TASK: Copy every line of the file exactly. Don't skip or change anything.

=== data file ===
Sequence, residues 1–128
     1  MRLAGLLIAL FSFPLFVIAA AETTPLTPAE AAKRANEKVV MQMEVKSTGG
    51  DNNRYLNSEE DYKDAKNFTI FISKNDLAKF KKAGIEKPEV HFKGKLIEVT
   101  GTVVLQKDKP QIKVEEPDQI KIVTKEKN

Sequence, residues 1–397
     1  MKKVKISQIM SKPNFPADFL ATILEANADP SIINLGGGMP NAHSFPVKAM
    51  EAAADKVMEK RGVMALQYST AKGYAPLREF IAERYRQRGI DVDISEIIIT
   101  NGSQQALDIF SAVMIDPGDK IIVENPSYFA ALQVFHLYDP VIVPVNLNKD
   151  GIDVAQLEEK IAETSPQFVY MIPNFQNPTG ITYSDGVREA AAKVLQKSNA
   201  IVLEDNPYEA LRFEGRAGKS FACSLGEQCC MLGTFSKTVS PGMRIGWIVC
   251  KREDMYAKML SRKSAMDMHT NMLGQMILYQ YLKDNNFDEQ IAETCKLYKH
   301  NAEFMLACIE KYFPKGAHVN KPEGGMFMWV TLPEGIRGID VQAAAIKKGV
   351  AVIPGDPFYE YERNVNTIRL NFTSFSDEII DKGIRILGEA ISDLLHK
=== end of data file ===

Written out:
Sequence, residues 1–128
     1  MRLAGLLIAL FSFPLFVIAA AETTPLTPAE AAKRANEKVV MQMEVKSTGG
    51  DNNRYLNSEE DYKDAKNFTI FISKNDLAKF KKAGIEKPEV HFKGKLIEVT
   101  GTVVLQKDKP QIKVEEPDQI KIVTKEKN

Sequence, residues 1–397
     1  MKKVKISQIM SKPNFPADFL ATILEANADP SIINLGGGMP NAHSFPVKAM
    51  EAAADKVMEK RGVMALQYST AKGYAPLREF IAERYRQRGI DVDISEIIIT
   101  NGSQQALDIF SAVMIDPGDK IIVENPSYFA ALQVFHLYDP VIVPVNLNKD
   151  GIDVAQLEEK IAETSPQFVY MIPNFQNPTG ITYSDGVREA AAKVLQKSNA
   201  IVLEDNPYEA LRFEGRAGKS FACSLGEQCC MLGTFSKTVS PGMRIGWIVC
   251  KREDMYAKML SRKSAMDMHT NMLGQMILYQ YLKDNNFDEQ IAETCKLYKH
   301  NAEFMLACIE KYFPKGAHVN KPEGGMFMWV TLPEGIRGID VQAAAIKKGV
   351  AVIPGDPFYE YERNVNTIRL NFTSFSDEII DKGIRILGEA ISDLLHK